A BRIEF HISTORY OF ST. STEPHEN’S CHURCH, ELTON
The Foundation Stone for St. Stephen’s church building was laid 23rd June 1880 and can be seen on the outside of the East wall in Belbeck Street, bearing the inscription SS AD 1880.
In a cavity in the upper part of the stone is a sealed bottle containing parchment inscribed with these words;
“To the Glory of God Most High and in commemoration of St. Stephen, Deacon and Martyr”.
This memorial stone was laid on Wednesday the 23rd day of June in theyear of our Salvation 1880 by the Revd. Edward Westerman, MA., Vicar of the Ecclesiastical District of All Saints’ Elton. The site of this Church was the free gift of the Right Hon. Edward Henry, Earl of Derby and the cost of its erection was defrayed by Public subscription, together with the sum of £400, granted by the Manchester Diocesan Church Building Society, and also a sum of £125 by the Incorporated Church Building Society. Signed Edward Westerman, MA., Ralph Parkinson Dinfield; MA., Samuel Walker, George Bradley, James Richardson Crompton, Building Committee.
George T. Redmayne – Architect, Richard Woods – Clerk of Works, Thomas Newhouse, Samuel Wrigley – Builders.”
Visitors are struck by the width of the church, with its splendid Chancel. The style of the curved apse behind the Altar is unusual in an English church of the period, being much more a feature of continental churches especially in France. After admiring the width of the church however, it soon becomes apparent the length of the Nave is not in keeping. At the time the church was built, plans for a much deeper building had been approved, but finances were difficult. So it was decided to build only a Chancel, the Nave to the extent of the three arches, and the lower part of the Bell Tower.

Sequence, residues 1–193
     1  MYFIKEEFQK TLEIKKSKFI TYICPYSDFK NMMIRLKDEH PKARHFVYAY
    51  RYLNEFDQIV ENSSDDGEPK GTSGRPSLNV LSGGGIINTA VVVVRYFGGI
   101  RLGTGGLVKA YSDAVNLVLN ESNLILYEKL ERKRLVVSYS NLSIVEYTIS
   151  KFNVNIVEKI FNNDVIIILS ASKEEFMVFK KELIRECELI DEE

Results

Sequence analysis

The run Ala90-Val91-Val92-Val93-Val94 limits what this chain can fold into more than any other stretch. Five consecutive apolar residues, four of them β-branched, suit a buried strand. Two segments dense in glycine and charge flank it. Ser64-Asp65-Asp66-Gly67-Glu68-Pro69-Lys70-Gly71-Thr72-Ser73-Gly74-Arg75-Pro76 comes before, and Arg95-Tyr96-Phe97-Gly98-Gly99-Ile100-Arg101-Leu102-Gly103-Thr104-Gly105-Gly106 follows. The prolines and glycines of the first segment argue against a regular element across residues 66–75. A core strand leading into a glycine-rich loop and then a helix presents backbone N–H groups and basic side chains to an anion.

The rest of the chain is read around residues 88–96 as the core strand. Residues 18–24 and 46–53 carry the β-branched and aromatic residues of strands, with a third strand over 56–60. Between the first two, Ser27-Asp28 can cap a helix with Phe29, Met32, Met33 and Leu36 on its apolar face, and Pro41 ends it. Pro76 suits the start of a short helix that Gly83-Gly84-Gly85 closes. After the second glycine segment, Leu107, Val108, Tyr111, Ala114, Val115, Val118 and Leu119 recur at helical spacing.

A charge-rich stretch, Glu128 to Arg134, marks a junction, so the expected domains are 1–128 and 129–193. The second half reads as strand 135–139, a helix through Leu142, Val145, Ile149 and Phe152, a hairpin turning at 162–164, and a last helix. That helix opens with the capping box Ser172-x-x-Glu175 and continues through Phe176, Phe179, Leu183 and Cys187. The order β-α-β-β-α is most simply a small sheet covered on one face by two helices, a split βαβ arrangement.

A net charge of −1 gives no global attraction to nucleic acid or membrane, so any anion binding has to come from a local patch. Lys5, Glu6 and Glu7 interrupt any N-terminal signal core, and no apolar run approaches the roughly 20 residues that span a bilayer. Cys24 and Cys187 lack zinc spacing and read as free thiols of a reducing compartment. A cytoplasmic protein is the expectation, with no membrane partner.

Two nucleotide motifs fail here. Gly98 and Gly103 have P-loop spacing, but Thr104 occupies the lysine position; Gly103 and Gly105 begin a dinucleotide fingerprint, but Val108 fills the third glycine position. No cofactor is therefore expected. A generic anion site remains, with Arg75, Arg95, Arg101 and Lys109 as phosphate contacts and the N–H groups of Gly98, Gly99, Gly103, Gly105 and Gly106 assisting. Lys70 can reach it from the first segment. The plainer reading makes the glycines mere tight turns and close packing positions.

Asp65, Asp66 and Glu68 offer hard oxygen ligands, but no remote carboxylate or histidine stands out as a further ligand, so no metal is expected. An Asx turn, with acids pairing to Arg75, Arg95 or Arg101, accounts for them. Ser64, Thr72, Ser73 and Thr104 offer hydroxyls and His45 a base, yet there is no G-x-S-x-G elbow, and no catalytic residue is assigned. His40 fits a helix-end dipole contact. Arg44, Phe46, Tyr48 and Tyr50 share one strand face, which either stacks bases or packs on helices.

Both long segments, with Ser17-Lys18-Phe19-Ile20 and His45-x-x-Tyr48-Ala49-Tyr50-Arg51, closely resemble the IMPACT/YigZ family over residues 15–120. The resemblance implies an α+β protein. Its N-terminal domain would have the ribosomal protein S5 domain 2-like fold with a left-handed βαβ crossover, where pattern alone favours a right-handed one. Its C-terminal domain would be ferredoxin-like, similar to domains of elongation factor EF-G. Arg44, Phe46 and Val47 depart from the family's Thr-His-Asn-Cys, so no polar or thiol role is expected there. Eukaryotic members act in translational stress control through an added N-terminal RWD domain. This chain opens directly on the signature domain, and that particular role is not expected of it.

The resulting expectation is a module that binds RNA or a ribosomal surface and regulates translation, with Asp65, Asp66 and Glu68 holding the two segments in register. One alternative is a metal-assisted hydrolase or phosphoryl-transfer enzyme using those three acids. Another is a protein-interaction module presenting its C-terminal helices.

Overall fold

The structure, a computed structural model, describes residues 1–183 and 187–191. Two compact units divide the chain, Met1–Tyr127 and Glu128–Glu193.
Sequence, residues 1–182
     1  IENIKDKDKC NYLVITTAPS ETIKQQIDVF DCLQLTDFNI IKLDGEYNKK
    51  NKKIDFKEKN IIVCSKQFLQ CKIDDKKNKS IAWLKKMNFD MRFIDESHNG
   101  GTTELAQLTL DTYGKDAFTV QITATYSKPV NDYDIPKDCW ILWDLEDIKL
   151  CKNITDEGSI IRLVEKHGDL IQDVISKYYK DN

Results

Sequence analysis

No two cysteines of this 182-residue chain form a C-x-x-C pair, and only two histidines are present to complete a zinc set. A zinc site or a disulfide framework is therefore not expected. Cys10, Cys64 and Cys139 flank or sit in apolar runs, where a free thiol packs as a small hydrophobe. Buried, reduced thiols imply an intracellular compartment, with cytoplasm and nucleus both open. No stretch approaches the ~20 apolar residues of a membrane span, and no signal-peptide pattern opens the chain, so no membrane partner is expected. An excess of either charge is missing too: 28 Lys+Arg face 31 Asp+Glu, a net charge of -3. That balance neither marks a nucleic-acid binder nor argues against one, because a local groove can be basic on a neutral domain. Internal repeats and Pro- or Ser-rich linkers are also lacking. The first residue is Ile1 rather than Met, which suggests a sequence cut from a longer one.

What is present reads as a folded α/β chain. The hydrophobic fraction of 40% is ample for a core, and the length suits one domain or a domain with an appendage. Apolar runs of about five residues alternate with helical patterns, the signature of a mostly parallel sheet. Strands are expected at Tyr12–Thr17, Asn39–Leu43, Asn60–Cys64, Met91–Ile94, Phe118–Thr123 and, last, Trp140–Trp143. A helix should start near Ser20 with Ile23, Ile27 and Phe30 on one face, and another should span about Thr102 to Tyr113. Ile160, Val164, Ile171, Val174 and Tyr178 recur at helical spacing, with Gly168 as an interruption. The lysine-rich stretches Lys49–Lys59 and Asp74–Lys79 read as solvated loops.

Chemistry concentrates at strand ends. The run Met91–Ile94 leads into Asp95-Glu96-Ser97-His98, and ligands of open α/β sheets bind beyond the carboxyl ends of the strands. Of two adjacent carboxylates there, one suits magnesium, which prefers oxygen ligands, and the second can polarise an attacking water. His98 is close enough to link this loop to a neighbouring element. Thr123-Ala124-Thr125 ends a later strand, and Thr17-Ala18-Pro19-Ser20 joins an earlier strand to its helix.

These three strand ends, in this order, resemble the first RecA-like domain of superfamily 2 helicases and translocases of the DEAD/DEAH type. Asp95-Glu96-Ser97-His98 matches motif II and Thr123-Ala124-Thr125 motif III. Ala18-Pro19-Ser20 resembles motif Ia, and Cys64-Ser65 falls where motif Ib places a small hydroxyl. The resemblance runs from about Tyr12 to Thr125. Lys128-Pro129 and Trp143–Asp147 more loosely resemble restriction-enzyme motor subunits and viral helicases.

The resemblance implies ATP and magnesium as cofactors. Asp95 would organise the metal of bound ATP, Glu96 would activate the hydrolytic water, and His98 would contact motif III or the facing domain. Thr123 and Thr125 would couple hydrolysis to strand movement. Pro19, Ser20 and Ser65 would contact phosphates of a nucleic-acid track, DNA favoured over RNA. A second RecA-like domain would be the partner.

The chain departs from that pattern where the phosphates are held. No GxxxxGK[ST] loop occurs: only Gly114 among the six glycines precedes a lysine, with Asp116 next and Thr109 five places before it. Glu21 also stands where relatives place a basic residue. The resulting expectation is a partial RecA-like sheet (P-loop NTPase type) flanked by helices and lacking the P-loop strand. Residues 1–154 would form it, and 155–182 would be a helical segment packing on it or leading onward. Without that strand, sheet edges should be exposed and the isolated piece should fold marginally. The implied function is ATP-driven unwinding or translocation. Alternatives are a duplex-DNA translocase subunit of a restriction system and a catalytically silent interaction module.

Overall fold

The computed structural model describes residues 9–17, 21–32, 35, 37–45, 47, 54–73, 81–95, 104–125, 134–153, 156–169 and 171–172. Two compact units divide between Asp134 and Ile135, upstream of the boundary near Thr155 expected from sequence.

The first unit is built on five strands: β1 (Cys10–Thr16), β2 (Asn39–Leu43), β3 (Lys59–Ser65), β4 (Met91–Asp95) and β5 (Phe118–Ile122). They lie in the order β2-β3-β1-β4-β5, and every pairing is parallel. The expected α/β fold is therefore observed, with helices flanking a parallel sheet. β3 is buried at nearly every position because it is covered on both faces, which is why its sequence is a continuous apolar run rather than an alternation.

Two more Arches and the Bell Tower were to be built at a later date; but they were never completed as planned. The West wall of the church, leading to the main entrance is still the original ‘temporary’ construction. Building had begun in faith in the December of 1879; when the Foundation Stone was laid only a small amount of the necessary funds had been raised. The original tender had been for £5,575. Fund raising still continued after the consecration of the church on 22nd May 1882. Through continued generous donations improvement and additions were made. The Stone Font was erected in 1883, the Stained Glass windows in the Sanctuary at Christmas 1898. The present Organ was installed in 1893 and like the church itself was never completed; an extensive upgrade was completed in the year 2000.
The three light stained glass windows in the South wall were donated in 1903, depicting Jesus ‘The Light of the World” flanked by St. Peter and St. James. The window depicting St. Columba and St. Aiden ‘two Celtic Saints’, was donated in 1930. The same donation provided the window in the Lady Chapel and at the same time the Lady Chapel was furnished, The oak prayer desk was given in 1940 and designed by the donor himself. Improvements and additions continue through constant generous donations to this day. In the year 2000 the carpet was replaced, purchased from the money raised by the Millennium Flower Festival.
The porch was completed in 1959 costing £5,000. One of its interesting features is the unusual design above the external door, a symbol of the Resurrection Hope and the Fire of the Holy Spirit. The Bishop of Manchester consecrated the porch on 10th April 1960 and, at the same time, part of the church garden was also consecrated for the Burial of Ashes.
To mark the centenary of the church, £15,000 was raised for the building of a new room on the North East corner. Much of the building and decoration was done by the men of the church. The ‘Centenary Room’ is in continuous use by the church and other groups in the community.
We give thanks for the work and worship of our church over the years and to all those who have contributed to the life of St. Stephen’s in so many different ways.
THANKS BE TO GOD